From #MeToo to a Global Convention on Sexual Harassment at Work
Labor unions around the globe are participating in the International Labor Conference to demand a new global standard to end violence and sexual harassment in the workplace. This epidemic of unwanted touching, sexual comments, requests for sexual favors and sexual assault happens in palm fields in Honduras, garment factories in Cambodia and hotels in the United States. Violence in the workplace hurts both women and men, but women and workers with nonconforming gender identities experience the highest rates of violence.
Media accounts around the world have cast a spotlight on the systemic abuse made possible by global production systems built on cheap, flexible labor provided by women. Women workers have less power, and so are often unwilling or afraid to speak out about sexual assault, harassment or violence. Many women fear losing their jobs, or public shaming by co-workers or families. Social class, race, ethnicity, migrant status, age and ability can all tilt the power balance further away from working women and toward abusers.
Labor unions can help level the playing field for working women worldwide, because it is possible to stand strong when we stand united. Statistics tell us that women with a union are more likely to raise and address issues of harassment, sexual assault and violence. At the same time, collective bargaining agreements can protect women who report abuses from being fired or retaliated against, yet only 7% of the global workforce benefit from a formal union or worker association.
The most vulnerable workers are those who lack unions and who work in precarious arrangements with little or no oversight or accountability. We can help more workers address violence in the workplace by strengthening the freedom of workers to join or form unions and to bargain collectively. A binding standard needs to address the issues of all workers, including those in the informal economy like home-based workers to the most formal economy workers.
The International Labor Organization recently released research on violence and harassment at work in 80 countries in preparation for the upcoming conference. Twenty countries surveyed had no measures in place to protect victims who reported sexual harassment from retaliation, and 19 did not even have a legal definition of sexual harassment at work. A strong legal framework that defines sexual harassment and protects victims can help workers and employers identify and stop the violence.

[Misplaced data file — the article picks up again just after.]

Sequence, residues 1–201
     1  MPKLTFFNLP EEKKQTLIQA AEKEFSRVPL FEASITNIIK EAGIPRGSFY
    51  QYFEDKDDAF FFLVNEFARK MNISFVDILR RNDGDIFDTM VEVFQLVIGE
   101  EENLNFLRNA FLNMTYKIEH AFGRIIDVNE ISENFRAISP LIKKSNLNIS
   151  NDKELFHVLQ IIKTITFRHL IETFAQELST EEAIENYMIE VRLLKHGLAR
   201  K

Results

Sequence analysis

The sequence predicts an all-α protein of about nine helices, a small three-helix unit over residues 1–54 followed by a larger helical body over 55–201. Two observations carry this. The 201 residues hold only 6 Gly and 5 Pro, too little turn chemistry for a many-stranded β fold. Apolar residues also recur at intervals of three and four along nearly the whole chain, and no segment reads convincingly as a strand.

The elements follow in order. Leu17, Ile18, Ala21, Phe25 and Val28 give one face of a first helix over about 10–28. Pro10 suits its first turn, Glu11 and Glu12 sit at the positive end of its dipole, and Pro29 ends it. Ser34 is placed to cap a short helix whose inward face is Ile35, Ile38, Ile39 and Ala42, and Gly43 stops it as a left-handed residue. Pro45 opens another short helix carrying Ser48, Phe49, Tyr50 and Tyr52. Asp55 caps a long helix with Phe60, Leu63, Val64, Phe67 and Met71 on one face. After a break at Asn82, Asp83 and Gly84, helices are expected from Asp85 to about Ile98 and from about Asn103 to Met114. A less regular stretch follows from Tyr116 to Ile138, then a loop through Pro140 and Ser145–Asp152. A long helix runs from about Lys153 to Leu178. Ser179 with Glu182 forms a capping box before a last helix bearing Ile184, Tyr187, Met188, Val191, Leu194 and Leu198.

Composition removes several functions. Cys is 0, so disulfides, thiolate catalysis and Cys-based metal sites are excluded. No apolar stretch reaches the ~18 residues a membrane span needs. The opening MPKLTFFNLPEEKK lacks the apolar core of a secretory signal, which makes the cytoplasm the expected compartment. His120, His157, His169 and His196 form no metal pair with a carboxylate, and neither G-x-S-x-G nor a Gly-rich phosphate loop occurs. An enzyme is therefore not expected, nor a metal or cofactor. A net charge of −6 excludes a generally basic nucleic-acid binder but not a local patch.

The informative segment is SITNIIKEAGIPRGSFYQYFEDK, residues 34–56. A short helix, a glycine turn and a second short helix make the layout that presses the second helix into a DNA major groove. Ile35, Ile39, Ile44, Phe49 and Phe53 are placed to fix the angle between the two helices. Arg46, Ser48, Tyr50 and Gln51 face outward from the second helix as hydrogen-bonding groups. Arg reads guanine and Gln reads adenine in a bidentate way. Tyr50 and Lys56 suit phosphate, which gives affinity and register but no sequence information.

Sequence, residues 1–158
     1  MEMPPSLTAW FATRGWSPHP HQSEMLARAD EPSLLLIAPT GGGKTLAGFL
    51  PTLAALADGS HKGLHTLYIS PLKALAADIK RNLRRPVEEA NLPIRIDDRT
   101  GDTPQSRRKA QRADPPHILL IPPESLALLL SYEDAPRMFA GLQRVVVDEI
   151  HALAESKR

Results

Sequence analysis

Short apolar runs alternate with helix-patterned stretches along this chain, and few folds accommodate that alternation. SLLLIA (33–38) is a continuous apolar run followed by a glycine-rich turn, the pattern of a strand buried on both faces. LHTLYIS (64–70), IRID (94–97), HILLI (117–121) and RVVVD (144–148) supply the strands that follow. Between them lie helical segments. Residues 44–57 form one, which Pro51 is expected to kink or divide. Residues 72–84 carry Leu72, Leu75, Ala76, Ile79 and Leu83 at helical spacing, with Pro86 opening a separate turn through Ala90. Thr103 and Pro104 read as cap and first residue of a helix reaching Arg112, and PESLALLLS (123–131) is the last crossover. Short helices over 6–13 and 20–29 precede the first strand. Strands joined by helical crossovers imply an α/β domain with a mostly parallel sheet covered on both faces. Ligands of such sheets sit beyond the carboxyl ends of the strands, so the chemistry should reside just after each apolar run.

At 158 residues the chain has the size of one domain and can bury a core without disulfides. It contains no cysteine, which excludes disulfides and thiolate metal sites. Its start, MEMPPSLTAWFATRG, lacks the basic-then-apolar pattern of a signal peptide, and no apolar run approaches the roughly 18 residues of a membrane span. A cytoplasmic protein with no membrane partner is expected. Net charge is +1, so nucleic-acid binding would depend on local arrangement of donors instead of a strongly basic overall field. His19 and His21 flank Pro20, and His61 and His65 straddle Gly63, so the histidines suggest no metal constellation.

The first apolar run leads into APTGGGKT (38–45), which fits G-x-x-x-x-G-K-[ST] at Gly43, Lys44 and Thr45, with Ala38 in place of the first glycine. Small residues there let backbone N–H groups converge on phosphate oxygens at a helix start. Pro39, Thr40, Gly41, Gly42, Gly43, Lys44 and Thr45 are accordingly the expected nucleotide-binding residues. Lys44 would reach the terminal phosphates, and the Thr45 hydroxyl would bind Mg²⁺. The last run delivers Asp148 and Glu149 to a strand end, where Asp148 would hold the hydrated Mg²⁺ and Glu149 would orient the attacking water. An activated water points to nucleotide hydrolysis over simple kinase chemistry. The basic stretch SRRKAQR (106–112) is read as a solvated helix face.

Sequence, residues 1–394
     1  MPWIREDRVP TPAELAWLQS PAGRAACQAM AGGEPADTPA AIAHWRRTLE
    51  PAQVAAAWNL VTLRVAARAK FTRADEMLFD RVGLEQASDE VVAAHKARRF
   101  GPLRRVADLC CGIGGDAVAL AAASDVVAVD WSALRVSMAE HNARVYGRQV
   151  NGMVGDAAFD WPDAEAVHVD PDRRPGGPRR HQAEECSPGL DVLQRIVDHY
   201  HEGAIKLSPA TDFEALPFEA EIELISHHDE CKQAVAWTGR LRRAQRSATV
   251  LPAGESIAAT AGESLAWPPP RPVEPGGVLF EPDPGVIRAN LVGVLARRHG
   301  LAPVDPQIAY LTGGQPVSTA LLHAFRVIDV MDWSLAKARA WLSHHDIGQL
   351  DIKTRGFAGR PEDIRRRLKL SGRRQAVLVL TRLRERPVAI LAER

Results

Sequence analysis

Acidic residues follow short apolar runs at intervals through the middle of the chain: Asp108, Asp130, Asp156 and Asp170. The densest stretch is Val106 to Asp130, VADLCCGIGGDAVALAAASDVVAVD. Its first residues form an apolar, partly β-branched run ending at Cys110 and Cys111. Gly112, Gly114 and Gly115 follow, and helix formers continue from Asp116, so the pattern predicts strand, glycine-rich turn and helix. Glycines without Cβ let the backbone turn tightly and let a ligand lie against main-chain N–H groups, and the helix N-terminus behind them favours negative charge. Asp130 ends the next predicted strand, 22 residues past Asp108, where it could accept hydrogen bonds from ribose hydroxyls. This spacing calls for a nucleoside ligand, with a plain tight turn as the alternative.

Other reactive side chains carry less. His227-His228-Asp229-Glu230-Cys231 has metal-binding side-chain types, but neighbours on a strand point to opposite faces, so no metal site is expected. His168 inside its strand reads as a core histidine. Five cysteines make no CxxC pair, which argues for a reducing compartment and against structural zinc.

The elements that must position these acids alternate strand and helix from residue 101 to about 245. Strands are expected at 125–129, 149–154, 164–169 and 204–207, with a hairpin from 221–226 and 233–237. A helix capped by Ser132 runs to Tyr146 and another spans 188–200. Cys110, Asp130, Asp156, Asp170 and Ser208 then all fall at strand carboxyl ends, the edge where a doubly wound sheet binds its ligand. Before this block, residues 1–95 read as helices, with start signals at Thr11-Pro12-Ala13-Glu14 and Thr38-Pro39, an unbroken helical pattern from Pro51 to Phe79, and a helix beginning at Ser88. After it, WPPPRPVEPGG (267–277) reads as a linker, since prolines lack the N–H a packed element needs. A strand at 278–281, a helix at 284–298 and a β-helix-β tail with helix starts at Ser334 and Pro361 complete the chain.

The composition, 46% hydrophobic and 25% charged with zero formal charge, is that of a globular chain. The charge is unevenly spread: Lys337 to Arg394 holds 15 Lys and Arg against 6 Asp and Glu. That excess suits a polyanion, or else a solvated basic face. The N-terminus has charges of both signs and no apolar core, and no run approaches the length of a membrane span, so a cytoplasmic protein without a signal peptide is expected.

Social media has allowed women to raise the visibility of sexual harassment and violence, even in industries with low union density and despite other challenges. The time is ripe for labor unions, governments and employers to build on the momentum of the #metoo, #yotambien, #quellavoltache and other campaigns to improve the safety of all workers in all workplaces.
The time is right for a new International Labor Organization (ILO) global standard aimed at ending violence and sexual harassment at work. Years of advocacy from unions and our allies have yielded a commitment to a two-year, tripartite negotiation process between unions, employers and governments. The result will be a new ILO standard, possibly a binding convention, directly focused on violence and sexual harassment in the world of work. Other human rights instruments address gender discrimination or violence in the workplace, yet this ILO standard will be unique because it brings both issues together with a sole focus on the world of work.
ILO standards are negotiated by governments, unions and employers and are widely useful. Governments use them to draft and implement labor and social policy laws. Employers use them to create a set of best practices that can be used anywhere around the world. Labor unions use them to advocate for better protections at work.
Unions support a convention, which is a binding legal instrument that can be ratified by members of the ILO, accompanied by a recommendation that provides more detailed guidance and best practices. A binding convention is necessary, because of the prevalence of sexual harassment across all sectors and workplaces. Unions are advocating for a standard that would cover all workers from domestic workers to autoworkers. A binding convention will make sure countries have the necessary tools to develop and implement laws, as well as develop systems of accountability so the improvements actually have an impact on workers in all workplaces.
Women and sexual and gender minority workers have suffered because of a lack of legal frameworks and a severe power imbalance for too long. No worker should endure violence because the risk of speaking out is too great. No one should endure humiliations and abuse to keep a job. This month, governments and employers have an opportunity to join with unions to start the process of creating a strong new convention and global standard. We can protect millions of workers, and build a future free of workplace sexual harassment and violence.
This post originally appeared at Open Democracy.
Thu, 05/31/2018 – 16:26